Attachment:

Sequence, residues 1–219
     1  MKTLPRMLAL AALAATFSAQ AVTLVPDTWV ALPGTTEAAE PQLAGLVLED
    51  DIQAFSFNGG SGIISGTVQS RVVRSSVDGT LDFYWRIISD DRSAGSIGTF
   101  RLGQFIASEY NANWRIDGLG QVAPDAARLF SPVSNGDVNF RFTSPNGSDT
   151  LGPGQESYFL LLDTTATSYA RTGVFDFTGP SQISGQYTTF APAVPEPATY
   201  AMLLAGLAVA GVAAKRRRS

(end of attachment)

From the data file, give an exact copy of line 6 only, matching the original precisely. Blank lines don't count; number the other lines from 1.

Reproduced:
   201  AMLLAGLAVA GVAAKRRRS